One of my biggest worries, being in the Foreign Service, was that something would happen and my mom would die while I was out of the country.
That’s not something I have to worry about anymore.
(A bit of gallows humor, because fuck, this is going to be hard to write.)
So, to back up. My little brother recently got married, and on Jan. 13th he became a daddy. The weekend after being Martin Luther King Day, the Teacher and I decided to drive home and see them, if only briefly. We left on Saturday, the 17th. Two hours into our trip, we received a phone call from mom’s phone. As I was driving, the Teacher answered the phone, but she quickly waved me to pull over. She couldn’t tell what was wrong, just that something was.
I pulled over on the interstate, and it was my mom’s roommate/partner on the phone. I’ll probably always remember her exact words: “David, your mom’s dead.” (For any who would critique her bluntness, it should be noted that she was utterly hysterical as she said it. She barely managed to get it out at all.) She passed the phone to the detective, who explained that mom had an accident on her way to work, and died shortly thereafter at the hospital.
I could write about the events that followed, the funeral, the speeches, the other ceremonies, but that’s not what this is for. This is just to talk about my mom.
Mom at a belly dancing party.
Those who know me well know that my father passed away when I was four years old. I also moved around a ton as a kid, and my mom was the only stability in my life. She was both mom and dad to me, both the caregiver and the disciplinarian. She was often at work, leading me to have to care for my brother, but I knew that even that was a sacrifice she made to keep food on our table. (Often pizza, because free food from work is often the best food.)
She did everything she could to raise us right, while battling some demons of her own. She’d been abused as a kid, she was widowed at a very young age (26!), and she was often unsure of what she wanted out of life. About the same time I moved out, she developed a serious problem with drinking and drugs.
But, no matter what, she loved me and my brother, and did what she could where she could to help. This is also what, in large part, led her to finally deal with her own issues in the last few years. As the belly-dancing picture shows, once she had an empty nest, she starting finding her own interests and discovering herself. She also, at the same time, got clean, and was very proud of how she managed to recover and not fall off the wagon. She was in therapy, trying to come to terms with her abuse , hoping to be able to reconcile with her own mother, working with her kids (especially my little brother, who still lived with her when her life fell apart) to be close again, and in general trying to improve everything, when she passed away.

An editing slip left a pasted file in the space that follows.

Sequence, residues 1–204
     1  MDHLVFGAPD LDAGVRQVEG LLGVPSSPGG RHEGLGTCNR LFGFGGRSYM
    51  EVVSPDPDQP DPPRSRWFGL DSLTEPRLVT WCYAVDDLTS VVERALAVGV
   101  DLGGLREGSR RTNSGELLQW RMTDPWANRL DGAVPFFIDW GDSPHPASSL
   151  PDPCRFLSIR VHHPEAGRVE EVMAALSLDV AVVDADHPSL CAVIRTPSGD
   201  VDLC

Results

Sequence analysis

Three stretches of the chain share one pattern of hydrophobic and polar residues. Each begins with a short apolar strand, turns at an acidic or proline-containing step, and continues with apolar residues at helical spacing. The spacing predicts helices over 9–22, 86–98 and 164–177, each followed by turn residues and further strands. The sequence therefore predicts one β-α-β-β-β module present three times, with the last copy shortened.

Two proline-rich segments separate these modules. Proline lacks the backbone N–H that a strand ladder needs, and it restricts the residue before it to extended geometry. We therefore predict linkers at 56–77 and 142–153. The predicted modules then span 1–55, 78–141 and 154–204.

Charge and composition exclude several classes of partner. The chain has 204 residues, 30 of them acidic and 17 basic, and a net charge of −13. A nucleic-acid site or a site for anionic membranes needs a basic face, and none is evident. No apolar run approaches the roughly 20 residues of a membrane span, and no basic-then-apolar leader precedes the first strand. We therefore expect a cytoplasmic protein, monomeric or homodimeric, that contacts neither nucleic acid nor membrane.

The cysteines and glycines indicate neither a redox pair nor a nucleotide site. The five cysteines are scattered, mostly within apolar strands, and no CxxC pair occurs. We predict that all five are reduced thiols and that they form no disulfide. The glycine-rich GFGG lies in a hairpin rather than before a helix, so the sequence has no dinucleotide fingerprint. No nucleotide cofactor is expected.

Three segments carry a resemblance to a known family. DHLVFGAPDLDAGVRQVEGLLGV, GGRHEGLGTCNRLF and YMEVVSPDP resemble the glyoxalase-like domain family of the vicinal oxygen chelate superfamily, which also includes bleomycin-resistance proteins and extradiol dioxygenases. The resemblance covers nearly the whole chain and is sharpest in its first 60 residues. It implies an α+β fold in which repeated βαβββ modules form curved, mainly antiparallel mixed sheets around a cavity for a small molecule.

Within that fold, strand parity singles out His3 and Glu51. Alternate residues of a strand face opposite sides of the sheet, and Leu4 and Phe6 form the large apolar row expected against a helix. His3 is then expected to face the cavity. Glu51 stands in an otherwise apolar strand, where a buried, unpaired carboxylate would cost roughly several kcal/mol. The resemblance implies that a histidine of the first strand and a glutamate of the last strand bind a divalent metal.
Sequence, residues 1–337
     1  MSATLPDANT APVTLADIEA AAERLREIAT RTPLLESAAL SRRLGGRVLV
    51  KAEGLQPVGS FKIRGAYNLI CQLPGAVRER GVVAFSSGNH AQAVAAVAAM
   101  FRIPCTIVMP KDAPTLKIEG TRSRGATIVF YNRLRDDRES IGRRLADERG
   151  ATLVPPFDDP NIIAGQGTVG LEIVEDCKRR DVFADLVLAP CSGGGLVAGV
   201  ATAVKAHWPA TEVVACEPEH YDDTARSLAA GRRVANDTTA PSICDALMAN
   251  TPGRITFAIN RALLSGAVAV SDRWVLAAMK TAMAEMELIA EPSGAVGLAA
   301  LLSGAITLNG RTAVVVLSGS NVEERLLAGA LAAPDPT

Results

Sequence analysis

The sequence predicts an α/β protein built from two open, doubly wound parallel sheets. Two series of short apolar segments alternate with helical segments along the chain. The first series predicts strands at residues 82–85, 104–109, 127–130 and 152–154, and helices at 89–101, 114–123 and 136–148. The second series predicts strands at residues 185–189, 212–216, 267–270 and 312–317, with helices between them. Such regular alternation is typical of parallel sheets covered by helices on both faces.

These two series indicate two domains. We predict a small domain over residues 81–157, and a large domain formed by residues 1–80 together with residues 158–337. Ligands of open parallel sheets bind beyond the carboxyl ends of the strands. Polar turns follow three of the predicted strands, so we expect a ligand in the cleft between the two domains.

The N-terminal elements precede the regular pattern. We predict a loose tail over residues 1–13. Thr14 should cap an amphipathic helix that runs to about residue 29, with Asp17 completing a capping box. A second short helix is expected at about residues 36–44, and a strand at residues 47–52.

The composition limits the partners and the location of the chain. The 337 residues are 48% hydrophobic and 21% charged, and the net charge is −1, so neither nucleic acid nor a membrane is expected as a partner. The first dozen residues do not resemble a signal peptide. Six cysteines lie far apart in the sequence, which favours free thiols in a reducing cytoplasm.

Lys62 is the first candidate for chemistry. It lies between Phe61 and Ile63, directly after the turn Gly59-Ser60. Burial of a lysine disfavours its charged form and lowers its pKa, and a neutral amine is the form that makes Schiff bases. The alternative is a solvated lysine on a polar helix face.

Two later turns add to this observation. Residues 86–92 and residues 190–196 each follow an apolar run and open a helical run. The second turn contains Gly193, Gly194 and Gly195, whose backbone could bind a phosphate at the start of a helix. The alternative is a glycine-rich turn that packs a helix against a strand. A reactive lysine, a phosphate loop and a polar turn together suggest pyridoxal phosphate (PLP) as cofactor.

She was successful in many of these goals. She had been present at the birth of her grandchild, and there are pictures of her holding the wee baby. She’d been across the Atlantic, and stood on the eastern shore. She’d seen both of her children pick themselves up after some nasty falls (in my case, divorce and a string of bad jobs) to achieve some real success.
And now, I’m sitting here, trying to write about her, and I realize I’m still in shock that she’s gone. I keep finding myself about to call her, and talk to her about something mundane in my life. I’ll think about the dread of listening to her give me advice that we both know I won’t take (like, seriously, mom, you know I barely know how to hold a wrench, there is no way I’m going to replace a part on my car myself. I don’t care how much cheaper it is). And then I’ll remember she’s not there and I get down all over again.
(Some of you know that I already deal with depression. Yeah, guess what–this ain’t helping.)
There is one thing she taught me, though, that I’m trying to live by. When she saw Lion King for the first time, she fell in love with the song and line Hakuna Matata. She constantly tried to get me to accept life as it was, and keep moving and not to worry. She once told me about worries (and this is etched forever in my memory): “Can you do anything about it? If yes, then do it and stop worrying. If no, worrying’s not going to do you any good anyway, so quit worrying about it!” (Her version of the Serenity prayer, I guess.)
So, I sit here and miss that “crazy old redneck” (her words). I’m particularly sad that my future kids won’t get to know her, because, as crazy as she often was, she would have been able to teach them some very important lessons. She might have also taught them some bad habits (like my grandma taught me).
Good-bye, mom. You were, until very recently, the only rock in my crazy, crazy life. (Don’t worry–the Teacher has taken on that responsibility.) I loved you even when you were crazy, just as you loved me when I was a shit. (Which was often, on both counts.) May the Universe, Deity, God, or whatever hold you close and take away your pains. I’ll miss you.